Chapter 13. Aging and the Elderly

13.1 Who Are the Elderly? Aging in Society

Think of the movies and television shows that have played recently. Did any of them feature older actors? What roles did they play? How were these older actors portrayed? Were they cast as main characters in a love story? Grouchy old people? How were older women portrayed? How were older men portrayed?

Many media portrayals of the elderly reflect negative cultural attitudes toward aging. In North America, society tends to glorify youth, associating it with beauty and sexuality. In comedies, the elderly are often associated with grumpiness or hostility. Rarely do the roles of older people convey the fullness of life experienced by seniors—as employees, lovers, or the myriad roles they have in real life. What values does this reflect?

One hindrance to society’s fuller understanding of aging is that people rarely understand it until they reach old age themselves. (As opposed to childhood, for instance, which people can all look back on). Therefore, myths and assumptions about the elderly and aging are common. Many stereotypes exist surrounding the realities of being an older adult. While individuals often encounter stereotypes associated with race and gender and are thus more likely to think critically about them, many people accept age stereotypes without question (Levy et al., 2002). Each culture has a certain set of expectations and assumptions about aging, all of which are part of our socialization.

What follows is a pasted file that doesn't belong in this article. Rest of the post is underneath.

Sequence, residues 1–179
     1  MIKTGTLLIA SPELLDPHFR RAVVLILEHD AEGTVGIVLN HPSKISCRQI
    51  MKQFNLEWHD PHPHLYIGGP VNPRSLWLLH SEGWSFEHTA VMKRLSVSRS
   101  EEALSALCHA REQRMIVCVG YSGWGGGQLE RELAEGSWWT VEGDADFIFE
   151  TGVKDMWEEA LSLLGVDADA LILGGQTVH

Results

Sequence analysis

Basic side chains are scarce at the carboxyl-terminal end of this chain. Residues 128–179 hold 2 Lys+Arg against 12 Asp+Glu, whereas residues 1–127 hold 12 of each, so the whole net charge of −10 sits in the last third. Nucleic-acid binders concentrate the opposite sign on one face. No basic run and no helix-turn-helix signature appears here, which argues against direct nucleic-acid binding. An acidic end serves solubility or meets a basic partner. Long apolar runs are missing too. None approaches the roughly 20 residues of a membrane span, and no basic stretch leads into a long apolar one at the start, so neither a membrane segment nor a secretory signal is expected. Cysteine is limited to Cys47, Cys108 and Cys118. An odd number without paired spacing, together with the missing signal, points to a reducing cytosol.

While the landmarks of maturing into adulthood are a source of pride, signs of natural aging can be cause for shame or embarrassment. Some people try to fight off the appearance of aging with cosmetic surgery. Although many seniors report that their lives are more satisfying than ever, and their self-esteem is stronger than when they were young, they are still subject to cultural attitudes that make them feel invisible and devalued.

Gerontology is a field of science that seeks to understand the process of aging and the challenges encountered as seniors grow older. Gerontologists investigate age, aging, and the aged. Gerontologists study what it is like to be an older adult in a society and the ways that aging affects members of a society. As a multidisciplinary field, gerontology includes the work of medical and biological scientists, social scientists, and even financial and economic scholars.

Social gerontology refers to a specialized field of gerontology that examines the social (and sociological) aspects of aging. Researchers focus on developing a broad understanding of the experiences of people at specific ages, such as mental and physical well-being, plus age-specific concerns such as the process of dying. Social gerontologists work as social researchers, counselors, community organizers, and service providers for older adults. Because of their specialization, social gerontologists are in a strong position to advocate for older adults.